Academic journal article Cognitie, Creier, Comportament

Psychological Defense Mechanisms Associated with Disfunctional Attitudes in Non-Psychotic Major Depressive Disorder

Academic journal article Cognitie, Creier, Comportament

Psychological Defense Mechanisms Associated with Disfunctional Attitudes in Non-Psychotic Major Depressive Disorder

Article excerpt

Various reports by international institutions, such as the World Health Organization (2002, 2012) and various authors (David, 2006a; Krug, Mercy, Dahlberg, & Zwi, 2002; Stiemerling, 2006), show an increase in the incidence of mental disorders. In mental disorders, depression in its various forms has increased considerably. According to some authors (Stiemerling, 2006), it affects 5% of the world population, becoming "the disorder of the contemporary era" (David, 2006b), affecting all age groups and social environments, and constantly increasing. According to the last report of the World Mental Health Day (2012), it is estimated that 350 million people of the world population are currently affected by depression.

Through symptoms, clinical depression in its various forms, in this case non-psychotic major depressive disorder (see DSM IV R[APA, 2000/2003]), can cause a number of difficulties for the person affected, patients showing almost daily a depressed mood, significant reduction in interest or pleasure for any activity, rhythm sleep disturbances, psychomotor agitation or retardation nearly every day, inadequate feeling of guilt, impaired cognitive level, the fear of death with suicidal ideation, all of which affecting the ill person socially, at work and in the family.

A number of relatively recent studies performed by Marton, Churchard, and Kutcher (1993), Weich, Churchill, and Lewis (2003), and Renner, Lobbestael, Peeters, Arntz, and Huibers (2012) argue that depression is associated with dysfunctional attitudes, regarded as general descriptive and inferential cognitions (cognitive schemas) inherent to the subject and which generally underlie the idiosyncratic thinking involved in psychopathology (David, 2006b). In this context, some authors (Beck, Brown, Steer, & Weissman, 1991) believe that dysfunctional attitudes are the result of information processing through the "filter" of cognitive schemes considered stable knowledge structures that interact with the new data entries, with consideration, expectations, information stored and information interpretation (Williams, Watts, MacLeod, & Mathews, 1997).

Other authors (Ebrahimi, Afshar, Doost, Mousavi, & Moolavi, 2012) consider dysfunctional attitudes as predisposing risk factors for depressive episodes or, indirectly, as a vulnerability factor under stress, vulnerability also being considered as a dysfunctional attitude (irrational beliefs) being operationalized in the Dysfunctional Attitudes Scale (Weissman & Beck, 1978).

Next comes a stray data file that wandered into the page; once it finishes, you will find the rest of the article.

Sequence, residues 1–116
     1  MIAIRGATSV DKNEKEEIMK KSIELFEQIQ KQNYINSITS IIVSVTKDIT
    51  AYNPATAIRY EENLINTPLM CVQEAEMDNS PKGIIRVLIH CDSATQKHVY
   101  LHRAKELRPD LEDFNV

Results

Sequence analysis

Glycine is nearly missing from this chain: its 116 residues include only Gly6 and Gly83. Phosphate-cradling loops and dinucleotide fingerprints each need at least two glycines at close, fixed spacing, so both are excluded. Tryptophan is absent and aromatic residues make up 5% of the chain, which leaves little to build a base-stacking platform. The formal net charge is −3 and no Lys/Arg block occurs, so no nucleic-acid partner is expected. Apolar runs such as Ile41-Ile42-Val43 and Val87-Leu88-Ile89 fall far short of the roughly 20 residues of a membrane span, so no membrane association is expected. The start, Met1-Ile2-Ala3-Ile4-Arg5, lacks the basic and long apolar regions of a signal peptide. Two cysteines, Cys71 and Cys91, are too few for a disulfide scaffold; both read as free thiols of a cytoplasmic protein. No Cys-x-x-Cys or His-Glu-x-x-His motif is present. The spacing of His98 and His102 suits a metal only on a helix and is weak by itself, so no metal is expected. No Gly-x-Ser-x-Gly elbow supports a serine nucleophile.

In the current context of increased incidence of mental illness (David, 2006a; Krug et al., 2002; Stiemerling, 2006) the importance given to psychological defense analysis (Ionescu, Jacquet, & Lhote, 2002), used in various fields of psychology (Cramer, 1991a; 1991b; 1998; 2006), has led to considering mental defense analysis as an effective method in the psychotherapy of various psychopathological conditions (Bond, 2004; Blackman, 2009; Ionescu et al., 2002). A number of studies (Kronström, Salminen, Hietala, Kajander, Vahlberg, Markkula, et al., 2009; Van, Dekker, Peen, Abraham, & Schoevers, 2009) have demonstrated the predictive capability of psychological defense mechanisms in depressive disorders. Defense mechanisms are considered to be "unconscious psychic processes, which aim to reduce or annul the unpleasant effects of real or imaginary dangers, by reshuffling the internal and/or external reality, whose manifestations and behaviors, ideas or affects can be conscious or unconscious" (Ionescu et al, 2002, p. 35).

Thus Van et al. (2009) explored the predictive capability of defensive functioning in the psychotherapy of depression, both for a self-reporting situation and for the situation where defensive operation is assessed by observers. The study provides evidence of the relevance of defense styles in the psychotherapeutic treatment of depression. Moreover, Kronström et al. (2009) showed that for patients diagnosed with major depressive disorder that have immature defenses, a brief psychotherapy is relatively more effective than antidepressive medication. …

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